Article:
Appl Clin Inform 2019; 10(05): 794-803
DOI: 10.1055/s-0039-1697598
Research Article
Georg Thieme Verlag KG Stuttgart · New York

Incrementally Transforming Electronic Medical Records into the Observational Medical Outcomes Partnership Common Data Model: A Multidimensional Quality Assurance Approach

Kristine E. Lynch
1  VA Salt Lake City Health Care System, Salt Lake City, Utah, United States
2  Department of Internal Medicine, Division of Epidemiology, University of Utah, Salt Lake City, Utah, United States
,
Stephen A. Deppen
3  Vanderbilt University Medical Center, Nashville, Tennessee, United States
,
Scott L. DuVall
1  VA Salt Lake City Health Care System, Salt Lake City, Utah, United States
2  Department of Internal Medicine, Division of Epidemiology, University of Utah, Salt Lake City, Utah, United States
,
Benjamin Viernes
1  VA Salt Lake City Health Care System, Salt Lake City, Utah, United States
2  Department of Internal Medicine, Division of Epidemiology, University of Utah, Salt Lake City, Utah, United States
,
Aize Cao
3  Vanderbilt University Medical Center, Nashville, Tennessee, United States
,
Daniel Park
4  Tennessee Valley Healthcare System, Nashville, Tennessee, United States
,
Elizabeth Hanchrow
3  Vanderbilt University Medical Center, Nashville, Tennessee, United States
,
Kushan Hewa
3  Vanderbilt University Medical Center, Nashville, Tennessee, United States
,
Peter Greaves
3  Vanderbilt University Medical Center, Nashville, Tennessee, United States
,
Michael E. Matheny
3  Vanderbilt University Medical Center, Nashville, Tennessee, United States
4  Tennessee Valley Healthcare System, Nashville, Tennessee, United States
› Author Affiliations
Funding This work was supported using resources and facilities at the VA Salt Lake City Health Care System and the VA Informatics and Computing Infrastructure (VINCI), VA HSR RES 13–457.
Further Information

Publication History

26 April 2019

08 August 2019

Publication Date:
23 October 2019 (online)

Abstract

Background The development and adoption of health care common data models (CDMs) has addressed some of the logistical challenges of performing research on data generated from disparate health care systems by standardizing data representations and leveraging standardized terminology to express clinical information consistently. However, transforming a data system into a CDM is not a trivial task, and maintaining an operational, enterprise capable CDM that is incrementally updated within a data warehouse is challenging.

Objectives To develop a quality assurance (QA) process and code base to accompany our incremental transformation of the Department of Veterans Affairs Corporate Data Warehouse health care database into the Observational Medical Outcomes Partnership (OMOP) CDM to prevent incremental load errors.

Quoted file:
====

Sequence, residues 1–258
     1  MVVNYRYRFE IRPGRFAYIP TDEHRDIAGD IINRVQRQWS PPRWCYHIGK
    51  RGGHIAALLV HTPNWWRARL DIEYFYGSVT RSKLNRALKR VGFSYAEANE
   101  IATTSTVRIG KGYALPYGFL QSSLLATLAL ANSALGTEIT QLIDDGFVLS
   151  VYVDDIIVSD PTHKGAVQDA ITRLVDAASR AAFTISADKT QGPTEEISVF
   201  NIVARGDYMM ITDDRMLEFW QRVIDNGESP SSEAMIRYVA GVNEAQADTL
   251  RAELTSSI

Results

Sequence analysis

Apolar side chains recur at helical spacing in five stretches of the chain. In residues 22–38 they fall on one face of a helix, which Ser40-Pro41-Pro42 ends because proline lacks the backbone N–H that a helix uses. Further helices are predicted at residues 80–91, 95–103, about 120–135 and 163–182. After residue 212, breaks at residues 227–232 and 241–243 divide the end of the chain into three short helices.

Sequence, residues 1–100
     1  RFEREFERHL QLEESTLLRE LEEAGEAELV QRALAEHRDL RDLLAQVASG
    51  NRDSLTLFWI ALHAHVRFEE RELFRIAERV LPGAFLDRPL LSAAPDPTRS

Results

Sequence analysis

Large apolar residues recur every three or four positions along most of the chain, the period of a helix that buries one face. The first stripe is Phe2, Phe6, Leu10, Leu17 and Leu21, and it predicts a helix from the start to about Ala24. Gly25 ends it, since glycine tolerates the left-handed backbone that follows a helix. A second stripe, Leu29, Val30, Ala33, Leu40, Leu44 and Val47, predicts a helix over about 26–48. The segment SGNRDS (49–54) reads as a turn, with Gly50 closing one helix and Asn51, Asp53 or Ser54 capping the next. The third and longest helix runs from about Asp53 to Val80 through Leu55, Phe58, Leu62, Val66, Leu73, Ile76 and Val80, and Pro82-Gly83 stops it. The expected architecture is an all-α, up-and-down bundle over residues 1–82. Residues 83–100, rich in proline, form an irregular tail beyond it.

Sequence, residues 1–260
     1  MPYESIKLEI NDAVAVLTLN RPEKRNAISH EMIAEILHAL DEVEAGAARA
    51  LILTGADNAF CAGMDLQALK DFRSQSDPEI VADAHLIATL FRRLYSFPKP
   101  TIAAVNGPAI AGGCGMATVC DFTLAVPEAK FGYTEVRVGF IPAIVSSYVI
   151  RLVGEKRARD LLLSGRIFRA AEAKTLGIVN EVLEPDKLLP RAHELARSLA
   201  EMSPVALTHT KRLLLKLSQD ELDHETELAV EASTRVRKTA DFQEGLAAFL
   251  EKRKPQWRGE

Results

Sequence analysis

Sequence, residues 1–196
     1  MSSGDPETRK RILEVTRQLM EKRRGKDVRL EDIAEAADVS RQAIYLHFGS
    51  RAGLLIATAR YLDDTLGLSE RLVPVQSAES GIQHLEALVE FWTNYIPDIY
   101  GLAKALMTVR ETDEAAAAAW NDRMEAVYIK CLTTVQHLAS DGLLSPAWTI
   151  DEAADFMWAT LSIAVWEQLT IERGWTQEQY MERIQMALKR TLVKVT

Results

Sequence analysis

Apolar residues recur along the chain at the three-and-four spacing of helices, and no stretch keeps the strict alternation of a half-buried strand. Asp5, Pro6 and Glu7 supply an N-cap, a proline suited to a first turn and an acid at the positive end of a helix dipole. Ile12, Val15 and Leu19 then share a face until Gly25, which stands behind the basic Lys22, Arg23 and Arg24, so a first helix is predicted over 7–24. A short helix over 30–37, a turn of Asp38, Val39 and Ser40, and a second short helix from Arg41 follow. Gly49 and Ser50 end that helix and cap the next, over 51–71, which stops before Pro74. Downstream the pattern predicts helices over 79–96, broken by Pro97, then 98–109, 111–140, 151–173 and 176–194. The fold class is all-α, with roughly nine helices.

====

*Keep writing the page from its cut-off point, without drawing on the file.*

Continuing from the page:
Methods We designed and implemented a multistage QA) approach centered on completeness, value conformance, and relational conformance data-quality elements. For each element we describe key incremental load challenges, our extract, transform, and load (ETL) solution of data to overcome those challenges, and potential impacts of incremental load failure.

Results Completeness and value conformance data-quality elements are most affected by incremental changes to the CDW, while updates to source identifiers impact relational conformance. ETL failures surrounding these elements lead to incomplete and inaccurate capture of clinical concepts as well as data fragmentation across patients, providers, and locations.

Conclusion Development of robust QA processes supporting accurate transformation of OMOP and other CDMs from source data is still in evolution, and opportunities exist to extend the existing QA framework and tools used for incremental ETL QA processes.

Authors' Contributions

Conception and design: K.E.L., S.A.D., M.E.M.; acquisition of data: K.E.L., B.V., A.C., D.P., K.H.; analysis: K.E.L., B.V., A.C., D.P., E.H., K.H.; interpretation: K.E.L., S.A.D., S.L.D., M.E.M.; drafting of manuscript: K.E.L., S.A.D., M.E.M.; and critical revision of the manuscript for important intellectual content: all authors.


Protection of Human and Animal Subjects

The study was performed in compliance with the World Medical Association Declaration of Helsinki on Ethical Principles for Medical Research Involving Human Subjects. All research was conducted with the approval by the University of Utah Institutional Review Board and the VA Salt Lake City Health Care System Research and Development Committee.


Supplementary Material